Anne Marie Downie, Nova Scotia
Institutions like Caledon have proven that substantial literacy gains can be had when participants are engaged in endeavor together which has value to the community e.g., building a well in rural India. They will naturally reach for the documents and other skills which support them in this endeavor. It becomes the way into literacy-related learning. I would argue that this methodology holds the key for “inclusive” strategies for groups in particular who continue to fall outside the system from any perspective. It is the place to start. The outcomes for individuals will typically lead them to reach for other learning opportunities and will assist them in starting to break the cycles of failure and poverty. In my opinion, if we are to redress the considerable exclusion that our society has created, it must involve long-term strategies which see people through fairly predictable cycles of learning and growth which will lead them to a place of dignity and self-worth however the individual chooses to define that. In many cases, it will lead them as adults to work-related choices. This would be the moment in time where they would be involved in programs/training/education which is narrower and more traditional by the demands of requiring accreditation for things like nursing or electrical work. Time enough then for very specific and targeted Essential Skills instruction if you will. Circles are an earlier point in the path . . .
There are certain principles of PLAR in its purest philosophical sense which cause me to soldier on for its cause: asset building, focusing on learning irrespective of source, flexible means of proof, communication device to display what an individual knows and can do and who they are, recognizing someone. There are certain variants of PLAR called models which trouble me greatly as they are exclusionary and thus contradict the fundamental principle of recognition and flexibility. Circles in my mind embody the very philosophies which I find attractive about PLAR. Thus, I see Circles as a means of further exploring/defining a new PLAR – one which is inclusive, possibly oral, highly visual or audible most likely, building on assets and laying the groundwork for the expression of transferable learning which can bridge into new opportunities for individuals – again as defined by their choice.
Sandi Howell, Manitoba
Notes from an interview with Darlene King, Ontario
Recommends that we produce a four to five page summary of the study for wider distribution. This summary could include a glossary of terms describing different kinds of learning approaches.
Feels that we have just begun to scratch the surface on issues of class, gender and race. He found some of our ways of talking about inter-cultural understanding limited, for example, saying that learning circles promote “tolerance.” They might go further, helping participants to “understand and embrace cultural differences.”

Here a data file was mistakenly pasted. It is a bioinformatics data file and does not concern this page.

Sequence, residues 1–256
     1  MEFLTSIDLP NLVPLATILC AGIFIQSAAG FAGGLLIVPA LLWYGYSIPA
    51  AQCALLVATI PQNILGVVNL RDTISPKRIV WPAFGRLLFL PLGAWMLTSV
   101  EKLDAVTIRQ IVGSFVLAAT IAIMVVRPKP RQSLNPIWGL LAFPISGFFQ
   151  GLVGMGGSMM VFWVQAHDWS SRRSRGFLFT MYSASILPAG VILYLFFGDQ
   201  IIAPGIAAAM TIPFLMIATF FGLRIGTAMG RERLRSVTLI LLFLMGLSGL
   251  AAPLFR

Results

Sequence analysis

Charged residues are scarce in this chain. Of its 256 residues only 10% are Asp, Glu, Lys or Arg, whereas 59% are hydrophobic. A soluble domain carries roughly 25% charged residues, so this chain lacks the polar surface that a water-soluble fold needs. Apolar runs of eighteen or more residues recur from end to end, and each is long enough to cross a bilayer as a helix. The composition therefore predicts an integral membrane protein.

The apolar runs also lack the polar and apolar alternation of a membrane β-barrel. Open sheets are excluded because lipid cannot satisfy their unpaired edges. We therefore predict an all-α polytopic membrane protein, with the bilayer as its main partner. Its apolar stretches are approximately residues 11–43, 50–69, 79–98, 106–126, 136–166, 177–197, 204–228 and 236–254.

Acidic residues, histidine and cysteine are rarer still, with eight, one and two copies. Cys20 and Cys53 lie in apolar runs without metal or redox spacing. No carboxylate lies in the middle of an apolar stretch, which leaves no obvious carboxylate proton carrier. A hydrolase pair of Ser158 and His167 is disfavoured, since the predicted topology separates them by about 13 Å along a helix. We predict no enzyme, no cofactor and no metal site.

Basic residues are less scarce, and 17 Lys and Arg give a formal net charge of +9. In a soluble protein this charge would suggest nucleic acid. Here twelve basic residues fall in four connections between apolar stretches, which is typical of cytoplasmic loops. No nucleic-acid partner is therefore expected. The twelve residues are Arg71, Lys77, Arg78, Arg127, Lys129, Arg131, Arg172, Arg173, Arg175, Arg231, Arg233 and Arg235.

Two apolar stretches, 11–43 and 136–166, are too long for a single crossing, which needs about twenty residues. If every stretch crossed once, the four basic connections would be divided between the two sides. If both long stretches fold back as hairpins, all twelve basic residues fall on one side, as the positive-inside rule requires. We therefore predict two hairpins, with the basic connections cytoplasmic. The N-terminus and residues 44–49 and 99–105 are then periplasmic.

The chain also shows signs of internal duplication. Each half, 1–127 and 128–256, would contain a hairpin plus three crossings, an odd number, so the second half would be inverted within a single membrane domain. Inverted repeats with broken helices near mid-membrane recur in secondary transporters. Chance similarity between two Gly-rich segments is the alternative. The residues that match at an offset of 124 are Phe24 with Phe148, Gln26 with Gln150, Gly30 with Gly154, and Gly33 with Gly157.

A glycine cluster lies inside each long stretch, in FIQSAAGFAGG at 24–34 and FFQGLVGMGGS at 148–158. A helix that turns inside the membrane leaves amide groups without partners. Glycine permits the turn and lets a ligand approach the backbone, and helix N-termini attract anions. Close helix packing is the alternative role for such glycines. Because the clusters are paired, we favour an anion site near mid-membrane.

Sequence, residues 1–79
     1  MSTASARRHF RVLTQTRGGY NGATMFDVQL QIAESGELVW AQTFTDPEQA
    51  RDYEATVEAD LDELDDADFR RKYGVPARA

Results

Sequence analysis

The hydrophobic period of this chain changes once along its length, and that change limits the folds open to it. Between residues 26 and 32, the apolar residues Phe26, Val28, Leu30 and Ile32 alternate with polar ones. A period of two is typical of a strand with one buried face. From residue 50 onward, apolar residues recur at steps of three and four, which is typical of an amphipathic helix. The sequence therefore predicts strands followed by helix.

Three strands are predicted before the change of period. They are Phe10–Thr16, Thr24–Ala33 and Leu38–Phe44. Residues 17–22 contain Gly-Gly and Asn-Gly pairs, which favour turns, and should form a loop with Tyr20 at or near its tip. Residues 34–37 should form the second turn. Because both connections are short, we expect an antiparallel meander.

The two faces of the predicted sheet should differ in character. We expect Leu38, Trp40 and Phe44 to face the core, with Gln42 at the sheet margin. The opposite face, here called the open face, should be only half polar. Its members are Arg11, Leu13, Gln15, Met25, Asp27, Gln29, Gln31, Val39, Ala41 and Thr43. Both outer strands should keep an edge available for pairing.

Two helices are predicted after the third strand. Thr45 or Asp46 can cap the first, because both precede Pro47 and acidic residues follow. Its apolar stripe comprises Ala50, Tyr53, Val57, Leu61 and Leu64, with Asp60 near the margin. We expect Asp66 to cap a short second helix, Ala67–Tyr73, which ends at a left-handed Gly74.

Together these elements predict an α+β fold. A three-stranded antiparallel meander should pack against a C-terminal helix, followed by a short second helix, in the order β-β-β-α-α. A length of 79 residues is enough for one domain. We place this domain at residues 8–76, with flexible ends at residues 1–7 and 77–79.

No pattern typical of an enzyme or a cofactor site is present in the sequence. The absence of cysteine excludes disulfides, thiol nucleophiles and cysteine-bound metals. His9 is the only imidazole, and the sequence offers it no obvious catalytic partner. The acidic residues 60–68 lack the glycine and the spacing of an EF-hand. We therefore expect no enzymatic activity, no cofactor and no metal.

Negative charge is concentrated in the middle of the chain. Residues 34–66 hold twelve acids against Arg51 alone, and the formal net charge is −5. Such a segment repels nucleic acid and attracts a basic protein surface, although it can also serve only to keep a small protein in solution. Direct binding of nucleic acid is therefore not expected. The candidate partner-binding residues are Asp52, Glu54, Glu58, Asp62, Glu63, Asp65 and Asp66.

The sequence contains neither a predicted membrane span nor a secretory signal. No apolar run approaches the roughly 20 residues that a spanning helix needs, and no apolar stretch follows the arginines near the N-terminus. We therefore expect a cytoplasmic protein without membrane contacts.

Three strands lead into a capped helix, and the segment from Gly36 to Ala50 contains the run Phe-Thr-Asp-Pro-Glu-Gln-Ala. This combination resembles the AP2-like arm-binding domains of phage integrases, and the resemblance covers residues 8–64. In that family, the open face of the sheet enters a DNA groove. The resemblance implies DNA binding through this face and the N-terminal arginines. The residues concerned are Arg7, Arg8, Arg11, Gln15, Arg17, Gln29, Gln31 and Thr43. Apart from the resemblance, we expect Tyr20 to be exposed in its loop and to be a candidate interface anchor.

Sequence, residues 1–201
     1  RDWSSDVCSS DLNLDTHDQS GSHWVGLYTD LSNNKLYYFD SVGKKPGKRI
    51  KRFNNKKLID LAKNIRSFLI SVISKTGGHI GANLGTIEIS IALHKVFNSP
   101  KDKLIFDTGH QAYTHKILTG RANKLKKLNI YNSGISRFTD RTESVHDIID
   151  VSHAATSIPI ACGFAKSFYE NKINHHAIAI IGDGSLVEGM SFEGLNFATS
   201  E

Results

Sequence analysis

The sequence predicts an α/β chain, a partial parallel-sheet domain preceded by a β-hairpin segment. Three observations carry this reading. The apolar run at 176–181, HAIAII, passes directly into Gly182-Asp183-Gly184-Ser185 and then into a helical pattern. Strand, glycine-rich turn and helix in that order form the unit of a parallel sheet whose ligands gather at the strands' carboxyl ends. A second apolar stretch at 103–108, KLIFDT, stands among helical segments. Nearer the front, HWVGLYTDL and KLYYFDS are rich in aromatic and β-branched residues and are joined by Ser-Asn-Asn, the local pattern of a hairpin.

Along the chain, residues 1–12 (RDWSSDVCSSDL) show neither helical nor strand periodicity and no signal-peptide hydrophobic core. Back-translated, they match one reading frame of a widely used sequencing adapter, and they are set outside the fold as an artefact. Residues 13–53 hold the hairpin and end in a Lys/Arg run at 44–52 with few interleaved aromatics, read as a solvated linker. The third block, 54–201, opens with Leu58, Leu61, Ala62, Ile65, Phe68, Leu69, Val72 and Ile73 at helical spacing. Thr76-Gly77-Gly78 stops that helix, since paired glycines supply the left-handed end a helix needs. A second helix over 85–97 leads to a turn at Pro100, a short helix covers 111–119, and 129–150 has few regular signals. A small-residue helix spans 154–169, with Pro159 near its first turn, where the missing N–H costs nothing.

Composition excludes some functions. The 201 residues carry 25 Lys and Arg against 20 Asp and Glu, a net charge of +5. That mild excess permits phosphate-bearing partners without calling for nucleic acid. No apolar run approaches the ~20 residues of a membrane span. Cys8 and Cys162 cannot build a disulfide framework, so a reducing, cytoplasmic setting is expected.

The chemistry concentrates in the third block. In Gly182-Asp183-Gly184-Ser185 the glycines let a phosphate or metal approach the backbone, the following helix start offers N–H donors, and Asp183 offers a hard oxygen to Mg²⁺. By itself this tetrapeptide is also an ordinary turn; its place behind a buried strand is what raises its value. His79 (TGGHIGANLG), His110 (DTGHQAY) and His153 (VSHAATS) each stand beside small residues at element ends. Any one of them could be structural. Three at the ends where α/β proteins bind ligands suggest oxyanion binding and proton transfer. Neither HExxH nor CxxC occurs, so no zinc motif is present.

Would like to see more research on how this approach works to support learning across cultural differences. He believes that funding could be found for this kind of research.
Believes that it would have been useful for the study to have presented a more explicit analysis of class, gender and race issues. More clarity about what we mean by “inclusive” would be useful.
Sees supporting a learning circles approach to community learning as important work, and encouraged us to find partners to pursue this work further.
Notes from an interview with Amanuel Melles, Ontario
Two of the most fundamental principles of community learning and learning about community learning I think important to the project:
A second observation is how the report highlights all the gaps in formal learning such as:
While the report rightfully concentrates on learning circles in the context of learners’ experience, there are some fundamental questions that arise of which may inform future projects or not?
Sherry Pictou, Nova Scotia
Il est certain que la langue écrite n’est pas toujours ni nécessairement le meilleure moyen d’apprentissage. Les formatrices et formateurs en alphabétisation en sont très conscients. Or leur rôle explicite est d’aider les personnes apprenantes à développer une facilité avec la langue écrite, afin qu’elles puissent participer pleinement à la société civile. Cela ne nie pas l’existence d’autres moyens d’apprentissage. Par exemple, l’apprentissage oral joue un rôle important dans le développement de l’écrit chez les personnes apprenantes adultes. Les activités d’apprentissage liées à la découverte de soi-même, de sa culture et de sa communauté prouvent régulièrement leur efficacité dans l’apprentissage dans les centres d’alphabétisation. Ici, on voit l’importance d’une complémentarité possible entre les cercles d’apprentissage et les centres d’alphabétisation. Les cercles d’apprentissage, en éliminant l’alphabétisme comme barrière à l’apprentissage, créent un environnement où l’alphabétisation peut avoir lieu. Certains cercles d’apprentissages offrent des occasions précises pour l’alphabétisation, sans pour autant la privilégier. C’est à cette jonction qu’un partenariat avec un centre d’alphabétisation pourrait intervenir efficacement.